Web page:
INDIAN WELLS, Calif. — No. 1 Novak Djokovic defeated No. 2 Roger Federer 6-2, 6-7, 6-2 to win his fourth BNP Paribas Open title on Sunday. Djokovic has now won the two biggest titles of the year so far on the ATP Tour, having captured the Australian Open in January. The win was Djokovic's 21st Masters 1000 title and 50th career title, making him just the 12th man in the Open era to reach the 50-title milestone.
Djokovic will now head to Miami to try and become the first man to complete the Indian Wells-Miami double in back-to-back years since Federer accomplished the feat in 2005–06. “I've got to look forward to get to Miami and have a dinner with Boris [Becker],” Djokovic said. “I think it's on him this time. I surpassed his 49th title, so that gives a little bit of special spice to this title.”
In a rematch of last year's Indian Wells final, Djokovic and Federer once again pushed each other to go the distance. Djokovic looked well in control of the match early, taking the first set in just 32 minutes as Federer struggled with his control off the ground. The Serb broke early in the second set before Federer made a move in the eighth game to get the break back and tie things up at 4-all.
“I know he served well when he had to,” Federer said. “At the same time I just felt like I should get back more returns into play. Then I could have put more pressure on him from the baseline. [It] kind of never really happened for me. So for a long time I was always trailing. I was putting myself under pressure unnecessarily sometimes on my own serve. But that was, again, a credit to Novak's great way of returning second serves.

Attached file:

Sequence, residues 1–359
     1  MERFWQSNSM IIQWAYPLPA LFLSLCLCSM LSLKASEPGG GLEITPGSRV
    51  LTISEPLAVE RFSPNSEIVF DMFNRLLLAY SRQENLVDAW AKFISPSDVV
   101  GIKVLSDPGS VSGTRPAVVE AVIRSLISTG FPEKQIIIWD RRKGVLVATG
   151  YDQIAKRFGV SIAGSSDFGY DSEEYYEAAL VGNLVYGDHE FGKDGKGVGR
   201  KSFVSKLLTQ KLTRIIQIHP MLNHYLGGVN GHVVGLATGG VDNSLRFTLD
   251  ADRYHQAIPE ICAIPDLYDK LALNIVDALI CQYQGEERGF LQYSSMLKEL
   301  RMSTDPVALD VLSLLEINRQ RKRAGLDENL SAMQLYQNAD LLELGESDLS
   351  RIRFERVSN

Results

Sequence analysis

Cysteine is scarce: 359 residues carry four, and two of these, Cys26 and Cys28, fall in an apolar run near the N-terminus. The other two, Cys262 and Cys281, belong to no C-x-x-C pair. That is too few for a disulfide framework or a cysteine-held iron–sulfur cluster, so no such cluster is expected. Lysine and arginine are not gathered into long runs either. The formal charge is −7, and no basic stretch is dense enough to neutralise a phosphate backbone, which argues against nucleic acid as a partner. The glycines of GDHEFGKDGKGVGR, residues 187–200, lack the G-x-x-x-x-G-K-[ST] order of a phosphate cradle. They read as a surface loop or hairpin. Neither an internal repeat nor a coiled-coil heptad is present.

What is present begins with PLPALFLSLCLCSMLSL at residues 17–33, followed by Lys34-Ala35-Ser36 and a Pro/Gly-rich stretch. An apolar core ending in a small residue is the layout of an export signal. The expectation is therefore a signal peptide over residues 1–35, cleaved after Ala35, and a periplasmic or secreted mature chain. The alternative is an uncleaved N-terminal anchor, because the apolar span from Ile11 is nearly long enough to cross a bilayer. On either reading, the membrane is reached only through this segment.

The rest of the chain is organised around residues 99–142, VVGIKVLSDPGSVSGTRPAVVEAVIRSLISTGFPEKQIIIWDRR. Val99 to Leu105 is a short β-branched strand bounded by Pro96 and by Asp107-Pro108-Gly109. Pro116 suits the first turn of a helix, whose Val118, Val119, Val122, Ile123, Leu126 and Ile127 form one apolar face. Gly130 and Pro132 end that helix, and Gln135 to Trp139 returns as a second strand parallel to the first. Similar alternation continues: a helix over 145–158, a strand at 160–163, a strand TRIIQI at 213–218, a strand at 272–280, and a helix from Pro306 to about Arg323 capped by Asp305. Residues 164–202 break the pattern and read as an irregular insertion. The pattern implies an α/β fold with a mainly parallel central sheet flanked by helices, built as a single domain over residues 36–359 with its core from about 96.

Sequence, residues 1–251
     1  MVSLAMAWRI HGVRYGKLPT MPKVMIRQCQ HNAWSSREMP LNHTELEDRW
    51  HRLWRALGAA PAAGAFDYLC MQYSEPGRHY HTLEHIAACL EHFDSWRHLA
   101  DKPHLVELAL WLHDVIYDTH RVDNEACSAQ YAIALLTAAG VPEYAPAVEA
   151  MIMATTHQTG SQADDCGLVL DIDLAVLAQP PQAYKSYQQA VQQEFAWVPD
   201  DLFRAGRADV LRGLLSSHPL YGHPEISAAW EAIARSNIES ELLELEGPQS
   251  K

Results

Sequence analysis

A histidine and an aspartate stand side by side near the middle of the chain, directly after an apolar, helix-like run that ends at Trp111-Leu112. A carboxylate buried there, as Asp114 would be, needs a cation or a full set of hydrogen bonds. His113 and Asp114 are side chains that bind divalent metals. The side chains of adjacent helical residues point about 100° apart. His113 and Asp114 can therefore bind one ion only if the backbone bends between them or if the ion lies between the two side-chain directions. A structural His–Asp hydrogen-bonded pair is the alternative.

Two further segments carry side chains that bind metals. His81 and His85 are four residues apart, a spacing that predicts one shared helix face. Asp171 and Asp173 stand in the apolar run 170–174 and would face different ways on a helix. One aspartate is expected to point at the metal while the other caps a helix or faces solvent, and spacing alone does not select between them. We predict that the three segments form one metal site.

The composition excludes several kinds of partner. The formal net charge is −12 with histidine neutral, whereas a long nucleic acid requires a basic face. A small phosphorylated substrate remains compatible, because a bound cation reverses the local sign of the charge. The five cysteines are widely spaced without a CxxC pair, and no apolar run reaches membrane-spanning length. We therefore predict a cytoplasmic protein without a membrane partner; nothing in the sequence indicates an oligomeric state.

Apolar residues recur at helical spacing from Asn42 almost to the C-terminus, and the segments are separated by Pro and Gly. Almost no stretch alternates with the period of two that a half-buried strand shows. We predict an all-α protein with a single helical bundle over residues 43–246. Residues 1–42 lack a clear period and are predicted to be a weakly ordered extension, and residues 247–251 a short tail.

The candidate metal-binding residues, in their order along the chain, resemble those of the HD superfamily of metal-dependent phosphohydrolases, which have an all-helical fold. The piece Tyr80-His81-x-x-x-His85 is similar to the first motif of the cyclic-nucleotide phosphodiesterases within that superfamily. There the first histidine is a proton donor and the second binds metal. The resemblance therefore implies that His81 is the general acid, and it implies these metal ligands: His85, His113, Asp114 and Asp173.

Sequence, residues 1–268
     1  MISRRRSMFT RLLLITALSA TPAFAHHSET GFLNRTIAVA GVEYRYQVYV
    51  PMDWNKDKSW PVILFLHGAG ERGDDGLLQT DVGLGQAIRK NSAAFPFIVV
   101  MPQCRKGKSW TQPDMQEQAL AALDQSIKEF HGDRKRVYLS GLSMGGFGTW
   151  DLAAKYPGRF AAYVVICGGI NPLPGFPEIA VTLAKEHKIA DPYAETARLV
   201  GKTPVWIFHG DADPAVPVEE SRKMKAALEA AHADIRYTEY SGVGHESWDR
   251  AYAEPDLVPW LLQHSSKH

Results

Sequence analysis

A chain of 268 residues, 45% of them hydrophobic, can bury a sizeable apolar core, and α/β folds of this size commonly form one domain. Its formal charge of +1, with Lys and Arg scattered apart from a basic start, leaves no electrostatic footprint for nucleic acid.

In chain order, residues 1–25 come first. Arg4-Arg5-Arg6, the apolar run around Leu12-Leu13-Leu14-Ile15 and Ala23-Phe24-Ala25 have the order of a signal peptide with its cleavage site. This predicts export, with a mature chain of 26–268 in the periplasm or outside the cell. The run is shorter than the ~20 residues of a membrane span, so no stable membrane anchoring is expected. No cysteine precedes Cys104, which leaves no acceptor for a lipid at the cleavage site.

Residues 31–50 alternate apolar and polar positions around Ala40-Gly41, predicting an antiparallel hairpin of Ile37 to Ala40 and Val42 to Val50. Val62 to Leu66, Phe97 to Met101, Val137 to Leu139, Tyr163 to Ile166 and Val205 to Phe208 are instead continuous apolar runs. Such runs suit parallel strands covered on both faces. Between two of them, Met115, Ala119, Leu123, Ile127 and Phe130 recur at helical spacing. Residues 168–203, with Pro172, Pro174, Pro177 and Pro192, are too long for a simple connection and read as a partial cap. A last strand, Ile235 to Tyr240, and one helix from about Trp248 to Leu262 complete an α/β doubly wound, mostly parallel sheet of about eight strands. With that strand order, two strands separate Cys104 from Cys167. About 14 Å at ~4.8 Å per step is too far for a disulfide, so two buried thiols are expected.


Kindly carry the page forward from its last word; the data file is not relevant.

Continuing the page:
“Midway through the second [set] it started to get better and I got into more rallies, and that's where I think it became close again,” Federer added. “That was tougher for him, because all of a sudden I think I was playing better so he wasn't getting as many free points.”
The two headed into the second set tiebreaker with Djokovic wobbling slightly. Twice he lead by a mini-break but couldn't close it out, double-faulting three times to help keep Federer in the match, including two on back-to-back points to give Federer his first set point. The Swiss converted to send the match into a final set.
Djokovic was visibly frustrated after dropping the tiebreaker. Television cameras caught him drinking his energy drink on the changeover, his hand visibly shaking. Djokovic dismissed it as nothing more than a physical manifestation of his emotions. “The body has reactions and movements that you're not in control of. I can't identify the emotion that was behind it, but it was a little bit of everything. Obviously knowing that I was so close to victory, making three double faults, the pressure, it was all part of it.”
After taking a bathroom break between sets, Federer came out flat in the third. Again Djokovic jumped out to an early lead at 2-0, only to see his form dip as he tried to consolidate. Federer broke after a lengthy game, sending Djokovic into a racket-breaking rage at his chair. With the frustration out of his system the defending champion quickly rebounded. Federer couldn't capitalize on the turn in momentum, throwing in unearned errors, and Djokovic broke again in the sixth game of the set. Federer couldn't close on a 40-15 lead, giving up the break to 4-2. Djokovic rolled to victory from there, holding his serve and breaking Federer one more time to close the match.